2013 Russian Meteor Explosion

2013 Russian Meteor Explosion

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Updated Feb 21, 2013 at 03:07AM EST by Brad.

Added Feb 15, 2013 at 09:38AM EST by LucasK336.

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2013 Russian Meteor Explosion refers to the meteorite impact event that took place over the Chelyabinsk region in Siberia, Russia on February 15th, 2013. The spectacle of the meteor streaking across the sky before exploding in mid-air was recorded on cameras from multiple vantage points near the impact site, the footage of which were subsequently uploaded to YouTube later that same day.


On the morning of February 15th, 2013, a meteor entered the Earth’s atmosphere and shattered several kilometers above ground in Chelyabinsk region of Siberia, Russia. The shock wave caused by the explosion reached several cities in proximity, causing slight damage to buildings and injuring hundreds of people due to the broken glass falling from the buildings.[1]

Impact location, injuries & damage Including 297 6 12 Hospitals Schools 1000 Injuries Buildings damaged E30 Meteorite debris hit zinc factory here M5 Of those M51 100+ Were hospitalised Main meteorite impacted eighty miles west of Chelyabinsk Kopeysk R US S I A Chelyabinsk Yekaterinburg KAZAKHSTAN V Meteorite in numbers The bright initial fireball was caused by rapidly ionising gases in the atmosphere. The meteor hit the atmosphere at an initial speed of 10-13 miles per second. The object entered the atmosphere 32 miles up. The sonic boom took two minutes and 30 seconds to reach the ground. Meteors of this size are said to hit the Earth on the order of once a decade. The meteorite produced many fragments over a wide area. The main piece hit a lake 80 miles west of Chelyabinsk.

The fireball and its subsequent explosion were captured by dozens of cameras in the area, including dashboard camera and security camera footage, even from places 700 km away[2]. It was initially thought to be a meteor shower,[3] which was then discarded. Reports conflicted on what exactly happened. A spokeswoman for the Emergency Ministry was quoted by the Interfax[4] news agency saying it was a single meteor.

Notable Developments

On YouTube

Immediately after the meteor exploded over the Russian airspace, several videos were uploaded to YouTube, many of which were taken with dashboard and security cameras.

Other videos managed to capture the loud noise caused by the explosion on the higher atmosphere and the moment the blast reaches the ground.

On Reddit

In the following hours, a Russian dashcam video of the meteor was posted to the the /r/videos subreddit,[5] which gained over 18,643 up votes and 4000 comments within nine hours. The same day, Redditor tster75 submitted an animated GIF of the meteor turning into Rainbow Dash's "sonic rainboom" from the animated television show My Little Pony: Friendship is Magic (shown below), receiving over 2,400 up votes and 100 comments in the next five days. Within one week, more than 500 posts referencing the meteor were submitted to the social news site.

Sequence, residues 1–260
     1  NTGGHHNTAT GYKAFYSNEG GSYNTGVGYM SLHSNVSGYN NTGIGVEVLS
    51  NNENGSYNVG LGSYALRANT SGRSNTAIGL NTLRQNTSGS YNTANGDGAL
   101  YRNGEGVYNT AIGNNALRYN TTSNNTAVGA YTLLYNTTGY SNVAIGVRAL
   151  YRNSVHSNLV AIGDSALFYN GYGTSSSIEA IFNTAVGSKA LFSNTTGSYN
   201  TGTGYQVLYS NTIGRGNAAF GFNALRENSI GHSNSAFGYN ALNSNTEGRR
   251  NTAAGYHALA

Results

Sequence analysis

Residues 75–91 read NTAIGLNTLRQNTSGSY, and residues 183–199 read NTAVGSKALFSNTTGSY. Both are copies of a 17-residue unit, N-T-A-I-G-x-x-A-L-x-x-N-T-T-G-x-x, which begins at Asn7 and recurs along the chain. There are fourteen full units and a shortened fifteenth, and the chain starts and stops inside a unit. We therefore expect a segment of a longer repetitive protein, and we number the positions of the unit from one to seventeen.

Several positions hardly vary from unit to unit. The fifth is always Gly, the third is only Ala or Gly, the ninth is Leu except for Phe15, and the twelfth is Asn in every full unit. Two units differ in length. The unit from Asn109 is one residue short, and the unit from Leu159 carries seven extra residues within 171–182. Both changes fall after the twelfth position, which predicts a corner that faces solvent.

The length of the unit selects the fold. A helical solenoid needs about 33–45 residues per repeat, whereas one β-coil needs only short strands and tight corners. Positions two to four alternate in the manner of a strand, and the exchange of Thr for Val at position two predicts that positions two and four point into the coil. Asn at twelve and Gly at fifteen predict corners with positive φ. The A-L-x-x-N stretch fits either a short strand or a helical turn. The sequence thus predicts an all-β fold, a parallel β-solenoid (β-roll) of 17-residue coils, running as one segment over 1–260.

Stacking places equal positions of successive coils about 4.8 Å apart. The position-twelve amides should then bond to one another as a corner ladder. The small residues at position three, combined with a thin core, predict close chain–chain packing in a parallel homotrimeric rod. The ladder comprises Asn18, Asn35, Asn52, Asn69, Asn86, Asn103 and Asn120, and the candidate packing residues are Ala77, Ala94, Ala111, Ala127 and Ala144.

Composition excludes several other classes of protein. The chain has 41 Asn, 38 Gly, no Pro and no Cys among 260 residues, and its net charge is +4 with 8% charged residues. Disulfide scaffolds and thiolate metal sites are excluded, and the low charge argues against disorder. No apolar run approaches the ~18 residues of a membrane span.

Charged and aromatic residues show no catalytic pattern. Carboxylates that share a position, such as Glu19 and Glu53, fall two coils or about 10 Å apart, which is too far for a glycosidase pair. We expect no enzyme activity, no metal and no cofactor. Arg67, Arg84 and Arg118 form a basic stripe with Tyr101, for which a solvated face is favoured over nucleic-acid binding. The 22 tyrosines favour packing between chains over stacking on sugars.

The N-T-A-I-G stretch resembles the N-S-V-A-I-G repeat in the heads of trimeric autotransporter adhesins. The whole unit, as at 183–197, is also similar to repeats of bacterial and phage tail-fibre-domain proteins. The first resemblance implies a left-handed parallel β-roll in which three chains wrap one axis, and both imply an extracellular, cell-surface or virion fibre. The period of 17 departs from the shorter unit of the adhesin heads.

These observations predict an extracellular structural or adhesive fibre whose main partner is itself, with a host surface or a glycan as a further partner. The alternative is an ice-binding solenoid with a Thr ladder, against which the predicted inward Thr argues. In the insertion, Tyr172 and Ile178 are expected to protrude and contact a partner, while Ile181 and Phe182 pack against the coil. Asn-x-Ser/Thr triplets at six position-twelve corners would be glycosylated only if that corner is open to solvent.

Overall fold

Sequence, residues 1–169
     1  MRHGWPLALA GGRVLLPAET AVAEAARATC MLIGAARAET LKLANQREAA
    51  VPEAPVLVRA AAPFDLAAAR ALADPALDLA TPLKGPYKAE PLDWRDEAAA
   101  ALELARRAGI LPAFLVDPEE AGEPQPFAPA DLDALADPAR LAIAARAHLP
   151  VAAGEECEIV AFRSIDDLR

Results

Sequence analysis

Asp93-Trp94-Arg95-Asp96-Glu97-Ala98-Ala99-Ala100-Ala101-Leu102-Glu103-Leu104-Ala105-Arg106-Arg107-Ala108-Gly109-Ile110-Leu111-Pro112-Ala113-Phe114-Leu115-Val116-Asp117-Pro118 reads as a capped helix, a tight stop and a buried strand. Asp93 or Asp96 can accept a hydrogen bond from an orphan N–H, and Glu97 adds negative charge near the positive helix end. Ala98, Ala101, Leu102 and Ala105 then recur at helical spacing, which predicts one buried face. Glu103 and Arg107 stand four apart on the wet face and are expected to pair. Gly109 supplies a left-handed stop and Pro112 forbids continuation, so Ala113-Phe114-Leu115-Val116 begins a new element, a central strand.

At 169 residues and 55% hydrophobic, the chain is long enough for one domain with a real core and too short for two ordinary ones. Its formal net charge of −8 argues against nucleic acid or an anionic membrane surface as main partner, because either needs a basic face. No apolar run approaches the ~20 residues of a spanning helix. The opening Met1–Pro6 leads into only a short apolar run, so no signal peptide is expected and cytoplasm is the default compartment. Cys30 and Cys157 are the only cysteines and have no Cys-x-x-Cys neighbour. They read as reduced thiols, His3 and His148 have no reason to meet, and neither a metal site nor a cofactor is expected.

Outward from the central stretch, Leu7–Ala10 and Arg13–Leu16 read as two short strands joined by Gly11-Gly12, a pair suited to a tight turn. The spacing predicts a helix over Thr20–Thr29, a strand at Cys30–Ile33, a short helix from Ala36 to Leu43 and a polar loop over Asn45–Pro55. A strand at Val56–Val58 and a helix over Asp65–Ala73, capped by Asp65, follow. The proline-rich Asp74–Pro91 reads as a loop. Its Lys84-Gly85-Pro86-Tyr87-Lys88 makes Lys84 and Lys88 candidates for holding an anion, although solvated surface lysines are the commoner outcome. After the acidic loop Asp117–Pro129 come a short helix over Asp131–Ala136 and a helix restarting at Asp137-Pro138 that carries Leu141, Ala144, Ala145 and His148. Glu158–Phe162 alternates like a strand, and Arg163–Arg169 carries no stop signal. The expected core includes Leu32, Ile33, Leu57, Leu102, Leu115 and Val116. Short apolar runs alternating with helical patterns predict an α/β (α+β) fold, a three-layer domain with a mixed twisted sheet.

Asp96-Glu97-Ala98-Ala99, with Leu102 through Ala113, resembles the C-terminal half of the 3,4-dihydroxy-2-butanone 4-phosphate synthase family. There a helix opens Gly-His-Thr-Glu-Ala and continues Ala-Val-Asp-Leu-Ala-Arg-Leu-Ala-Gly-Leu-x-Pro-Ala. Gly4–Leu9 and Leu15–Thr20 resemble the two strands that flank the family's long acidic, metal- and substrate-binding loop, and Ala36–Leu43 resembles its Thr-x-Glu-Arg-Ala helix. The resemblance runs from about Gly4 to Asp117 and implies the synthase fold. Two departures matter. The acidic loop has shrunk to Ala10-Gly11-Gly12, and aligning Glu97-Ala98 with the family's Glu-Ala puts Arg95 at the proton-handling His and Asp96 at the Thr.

On Twitter

Immediately after the meteor hit, the Russian-language hashtag "#метеорит" began trending on Twitter. The same day, several other parody feeds were created, including @RussianMeteor,[9] @MeteorRussia[10] and @RusMeteor.[11] Other Twitter users began joking about the cause of the meteor hitting Russia, attributing fault to a variety of people (shown below).

Follow gohumble 늚 (@gohumble ▼ I suppose a meteor in Russia is teh gay's fault #fb jake googleballs @Corriengel Follow Meteor hurtling towards earth? David Cameron's fault. Keith Milliron @milliron_keith Follow ▼ Question for the liberals. Is the meteor bush's fault to? K Benedict XVI @PopularPope Follow ▼ God says the Russian meteor was my fault for resigning. He tells me I need Bruce Willis to handle what's coming next·#Armageddon

Hours later, comedian Jake Fogelnest registered the @RussiaMeteor Twitter feed and announced he had done so to prevent the creation of another parody account.

Black Market Emerges

On February 19th, the tech news blog Death and Taxes[8] reported that Russians had already established a black market to sell discovered fragments of the meteorite. The article went on to report that scientists were having difficulty gaining access to the fallen rocks, who were competing with speculators attempting to find fragments to sell.

February 20th, 2013: 100 Million Views Reached

On February 20th, footage of the meteor hosted on a variety of sites surpassed 100 million views, averaging 20 million views per day since the meteor entered the atmosphere. The online measurement company Visible Measures[6] reported that the meteor surpassed both Felix Baumgartner's space jump and the Kony 2012 video in crossing the 100 million mark, making it the fastest spreading online video event.

Days to 100 Million Video Views Russlan Meteor Red Bull: Stratos Kony 2012 Susan Boyle: Britain's Got Talent 10

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